Colonial Viper Mk.II
1:32 Scale Revell
The opening of the 2003 BSG mini series establishes that the fifty year old Battlestar Galactica is soon to be decommissioned and is in the process of being turned into a flying museum and historical teaching facility. Her starboard flightpod has been sealed and converted into a museum exhibit filled with relics of the first Cylon war, which ended some 40 years previously. When the Cylons launch a sudden, surprise attack on the colonies, the majority of Galactica’s frontline Viper Mk.VII fighters are destroyed by Cylon Raiders. Through the use of a virus, the Cylon craft render the Colonial computer controlled fighters helpless and they are picked off at will.
With no other viable fighter cover available, the Galactica is forced to rely on an older form of technology to provide fleet protection. On display on the landing deck of the starboard flightpod are 2 squadrons of veteran Viper Mk.II fighters. They are swiftly moved over to the port hanger deck (the starboard launch bay having been turned into a museum gift shop) and are swiftly reactivated, rearmed and fuelled, ready for battle. When an in-coming Cylon attack force is detected, heading towards Galactica, the old fighters are launched to provide cover.
Armed with two wing mounted cannons and with the ability to carry conventional or nuclear missles on two underwing hard points, the Viper MK.II’s proved themselves in the first Cylon war. Now considered obsolete, they lack the sophisticated computer controlled flight systems of the modern MK.VII counterpart. This proves to be their greatest strength, however. Thanks to it’s analogue systems and lack of networked computer control, the Mk.II Viper is invulnerable to the Cylon virus which has managed to disable virtually every other piece of modern Colonial hardware.
After repeated heavy action, the Viper MK.II’s go from pristine museum exhibits to heavily scored and scarred workhorses, that are constantly beaten, damaged, patched up and returned back into action again. They remain as the Galactica’s main frontline fighter right up until the end, with the final ship to be launched from Galactica being a MK.II piloted by Admiral Adama.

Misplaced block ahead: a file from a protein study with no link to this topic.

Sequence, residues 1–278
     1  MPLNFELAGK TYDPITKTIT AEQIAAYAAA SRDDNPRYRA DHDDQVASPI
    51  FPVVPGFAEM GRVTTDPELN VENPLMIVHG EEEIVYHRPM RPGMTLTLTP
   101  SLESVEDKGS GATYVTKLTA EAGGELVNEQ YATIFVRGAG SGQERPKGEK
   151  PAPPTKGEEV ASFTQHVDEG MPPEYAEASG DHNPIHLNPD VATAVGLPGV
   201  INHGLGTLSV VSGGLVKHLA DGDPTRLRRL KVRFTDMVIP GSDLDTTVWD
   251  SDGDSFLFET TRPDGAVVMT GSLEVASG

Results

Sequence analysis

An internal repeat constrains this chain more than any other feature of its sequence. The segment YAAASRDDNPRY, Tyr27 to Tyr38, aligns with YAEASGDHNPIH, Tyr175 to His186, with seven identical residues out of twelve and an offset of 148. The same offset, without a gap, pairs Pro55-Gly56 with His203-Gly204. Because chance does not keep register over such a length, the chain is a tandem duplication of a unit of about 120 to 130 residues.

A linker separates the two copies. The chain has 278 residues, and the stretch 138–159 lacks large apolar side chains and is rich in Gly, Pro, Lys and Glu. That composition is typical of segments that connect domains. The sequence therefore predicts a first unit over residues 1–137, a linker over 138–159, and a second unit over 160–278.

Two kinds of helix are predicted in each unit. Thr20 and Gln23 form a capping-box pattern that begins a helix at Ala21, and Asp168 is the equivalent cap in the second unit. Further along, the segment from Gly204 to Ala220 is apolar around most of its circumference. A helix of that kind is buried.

The third of Revell’s Nu BSG kits is the series hero fighter craft, the Viper MK.II. Once again, the plastic components originate from the Moebius Models kit that was released a few years ago. Inside the end opening box, we find 49 parts moulded in white plastic, a sprue of clear components containing 4 pieces and a 2 part resin pilot figure. Construction is laid out in 25 steps, in Revell’s usual instruction sheet format and the final 2 stages deal with paint and decal application. As with the other 2 releases from the series, this kit supplied decal sheet is more comprehensive than the one found in the original Moebius kit, but more of that later.
The first stage of construction deals with the underside of the fuselage and straight away, you must decide if you’re going to do your Viper with the landing gear down, or with skids up. The lower fuselage belly pan is a single part moulding and we are supplied with optional open or closed gear doors. The closed ones simply slot in place from the inside of the lower hull, whereas the open doors locate from the outside, with integrally moulded L shaped brackets to secure them in position. If you are building the kit with the gear retracted, then you can skip the next 3 steps, because they deal with the undercarriage legs. Each unit is a 4 piece assembly. The main leg is split in 2 halves, which locate onto the skid with a separate circular pivot. Each unit has a fair amount of detail and appears to be pretty accurate to the full-size props used in the series. There is a small amount of flash around the edges, where the two halves of the mould have met, but a scrape with a knife should take care of it nicely.
We then move onto the cockpit and thankfully, we have a much better appointed office than the one found in the Viper Mk.VII kit. The main tub is moulded with the side consoles and seat, in place. We have 2 separate sidewalls, which lock into place on some hefty locating tabs. The instrument panel has an upper display added, along with a clear part to represent the main Dradis screen, which is useful if you want to light it up. The consoles feature some basic raised panels and switches, but some careful work with a fine paint brush should reward you with a decent looking tub. Should you not fancy that though, Revell have included a mass of little panel, dial and placard decals to help spice the cockpit up. The tub has no less than 13 to apply on the consoles, 2 more to use on each sidewall and a further 13 for the forward instrument panel, including a nice looking Dradis display screen. Most of these decals look great, but I do think numbers 56 and 57 look just a tad too gaudy for my tastes, so I’d probably paint those panels myself. The final decal in this area is the distinctive yellow and black stripe marking, which goes on the seat, behind the pilot’s head. Speaking of the pilot, the figure included with the kit is a very nice resin 2-part job, which features some lovely moulded detail (like the holstered sidearm) and really captures the look of the Colonial Viper Jockey. The right arm is a separate piece, which has the control column moulded into the pilots hand. It locates very securely with a square peg, into the torso. Once painted up in that unique pearlescent green-gold colour, the completed figure drops into the pit. There is a separate control stick supplied, should you not want to include the figure, however. The last item is a little throttle lever which locates into the left hand console. The completed unit can then be set aside, while we move onto the wings and tail.